A New York resident got into a high-profile fight with the state government this week after officials ordered him to turn over his gun license and his firearms — a dispute that exposed potential problems with the recently passed gun law.
Buffalo-area resident David Lewis has since gotten his license reinstated in what was apparently a case of mistaken identity under the state’s new SAFE Act. The case drew outrage on gun-rights blogs warning that the state was exploiting the law to seize weapons.
Lewis’ lawyer, indicating this may be an indication of a broader issue, also claims to be representing a second client in a similar circumstance.
Lewis initially received a notice on April 1 from the Erie County clerk saying that his license was being immediately suspended. He was ordered to surrender it along with his seven registered handguns.
“Based on the information received from the New York State Police, your pistol license [redacted] has been suspended by direction of the Licensing Officer for Erie County,” reads the letter sent to Lewis and obtained by Fox News. “Failure to comply with this court directive upon receipt of this letter will be sufficient grounds for the revocation of your pistol license.”
Lewis, who does not have a criminal record, caught the eye of state officials because it was believed that because of a prescription for psychotropic drugs that he was a danger to others, his attorney claims.
A provision in the recently passed NY SAFE Act calls for individuals with serious mental illness who may be dangerous to potentially have access to firearms restricted.
Lewis, after receiving the notice, contacted his lawyer Jim Tresmond, who accompanied him to the police department in Amherst and filed for a local hearing to have his client’s privileges restored.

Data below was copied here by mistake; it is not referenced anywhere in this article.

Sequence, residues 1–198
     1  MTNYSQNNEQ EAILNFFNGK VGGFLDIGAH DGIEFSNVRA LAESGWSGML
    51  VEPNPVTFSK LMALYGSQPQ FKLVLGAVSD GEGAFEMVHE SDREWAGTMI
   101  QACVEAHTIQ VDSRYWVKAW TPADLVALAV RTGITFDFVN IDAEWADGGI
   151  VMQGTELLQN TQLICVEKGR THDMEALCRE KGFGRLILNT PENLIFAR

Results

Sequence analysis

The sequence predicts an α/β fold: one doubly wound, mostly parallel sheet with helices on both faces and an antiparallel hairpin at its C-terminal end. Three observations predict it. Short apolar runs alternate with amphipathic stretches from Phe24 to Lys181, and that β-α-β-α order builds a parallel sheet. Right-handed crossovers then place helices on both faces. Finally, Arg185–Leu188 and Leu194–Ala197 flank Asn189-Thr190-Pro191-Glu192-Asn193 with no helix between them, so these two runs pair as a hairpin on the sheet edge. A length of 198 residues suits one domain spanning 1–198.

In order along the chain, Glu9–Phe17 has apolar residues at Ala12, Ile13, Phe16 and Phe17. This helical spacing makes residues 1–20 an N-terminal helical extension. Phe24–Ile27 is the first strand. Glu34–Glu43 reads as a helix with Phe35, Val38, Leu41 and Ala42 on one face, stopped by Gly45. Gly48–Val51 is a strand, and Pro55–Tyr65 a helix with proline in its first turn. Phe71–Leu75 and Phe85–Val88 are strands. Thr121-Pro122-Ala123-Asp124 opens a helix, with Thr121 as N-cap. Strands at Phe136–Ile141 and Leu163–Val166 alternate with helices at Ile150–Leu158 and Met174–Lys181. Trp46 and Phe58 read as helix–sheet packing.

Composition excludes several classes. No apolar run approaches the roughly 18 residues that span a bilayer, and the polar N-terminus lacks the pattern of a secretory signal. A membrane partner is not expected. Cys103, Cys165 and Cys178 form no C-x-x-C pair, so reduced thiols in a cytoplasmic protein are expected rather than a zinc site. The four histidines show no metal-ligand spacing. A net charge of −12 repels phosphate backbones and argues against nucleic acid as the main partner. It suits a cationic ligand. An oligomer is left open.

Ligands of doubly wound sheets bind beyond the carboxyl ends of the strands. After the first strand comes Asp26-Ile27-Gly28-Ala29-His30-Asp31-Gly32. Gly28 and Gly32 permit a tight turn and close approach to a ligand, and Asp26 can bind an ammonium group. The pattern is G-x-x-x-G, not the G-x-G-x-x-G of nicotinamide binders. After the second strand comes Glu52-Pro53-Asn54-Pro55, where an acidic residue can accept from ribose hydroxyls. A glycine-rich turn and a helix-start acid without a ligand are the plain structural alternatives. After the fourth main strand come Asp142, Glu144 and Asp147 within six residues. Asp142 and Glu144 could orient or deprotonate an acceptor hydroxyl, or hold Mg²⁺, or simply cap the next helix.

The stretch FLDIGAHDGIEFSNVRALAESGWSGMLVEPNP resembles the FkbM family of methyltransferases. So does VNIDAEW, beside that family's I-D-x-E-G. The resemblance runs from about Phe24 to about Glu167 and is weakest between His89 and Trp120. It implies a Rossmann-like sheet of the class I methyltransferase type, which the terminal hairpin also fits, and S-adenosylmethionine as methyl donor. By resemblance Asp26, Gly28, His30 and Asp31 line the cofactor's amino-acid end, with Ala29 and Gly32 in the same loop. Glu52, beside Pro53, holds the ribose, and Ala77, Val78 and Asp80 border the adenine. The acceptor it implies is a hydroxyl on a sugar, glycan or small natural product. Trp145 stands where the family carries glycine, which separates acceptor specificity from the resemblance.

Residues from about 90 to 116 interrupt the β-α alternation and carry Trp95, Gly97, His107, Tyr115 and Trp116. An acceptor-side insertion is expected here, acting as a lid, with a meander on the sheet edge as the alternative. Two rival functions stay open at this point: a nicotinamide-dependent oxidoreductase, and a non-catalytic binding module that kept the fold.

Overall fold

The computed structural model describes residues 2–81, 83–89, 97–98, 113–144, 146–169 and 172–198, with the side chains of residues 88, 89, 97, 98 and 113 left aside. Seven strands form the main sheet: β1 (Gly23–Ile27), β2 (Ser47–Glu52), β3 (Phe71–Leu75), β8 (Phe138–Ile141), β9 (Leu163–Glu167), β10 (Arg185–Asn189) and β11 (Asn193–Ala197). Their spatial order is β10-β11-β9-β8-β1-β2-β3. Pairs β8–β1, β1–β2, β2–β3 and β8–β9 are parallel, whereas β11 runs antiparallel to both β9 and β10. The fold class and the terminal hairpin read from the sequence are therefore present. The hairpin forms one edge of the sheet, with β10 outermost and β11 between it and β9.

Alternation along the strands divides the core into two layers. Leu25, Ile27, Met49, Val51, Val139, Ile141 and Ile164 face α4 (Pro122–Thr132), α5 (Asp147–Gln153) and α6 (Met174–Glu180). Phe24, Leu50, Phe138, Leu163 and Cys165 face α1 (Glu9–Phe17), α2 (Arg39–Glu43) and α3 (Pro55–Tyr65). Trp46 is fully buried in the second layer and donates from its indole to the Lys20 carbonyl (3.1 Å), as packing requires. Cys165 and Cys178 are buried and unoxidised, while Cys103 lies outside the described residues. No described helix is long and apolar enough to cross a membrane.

Tresmond said in media reports that Lewis did have a temporary, short-term issue and required medication, but nothing recent. He suggested in a radio interview that his client’s private medical history was accessed by the government, violating his rights by using a loophole under HIPAA laws.
Erie County Clerk, Chris Jacobs, whose office issued the letter to Lewis, said in a statement released late Wednesday that the mishap was due to flaws in the SAFE Act.
“When the State Police called to tell us they made a mistake and had the wrong person … it became clear that the State did not do their job here, and now we all look foolish,” he said in the statement. “Until the mental health provisions are fixed, these mistakes will continue to happen.”
In a motion filed by Erie County Supreme Court Judge M. William Boller on Thursday, Lewis’ privileges were restored immediately after it was determined that he was sent the letter in error.
“This court has determined that the information received from the New York State Police, which served as the basis for suspension of the Licensee’s firearms license, was in error” reads the court order from Judge Boller. “…it is HEREBY ordered, the suspension of the firearms license herein is hereby terminated, and any firearms of the licensee being held by any police agency are to be returned.”
The lawyer intends to file suit against the state.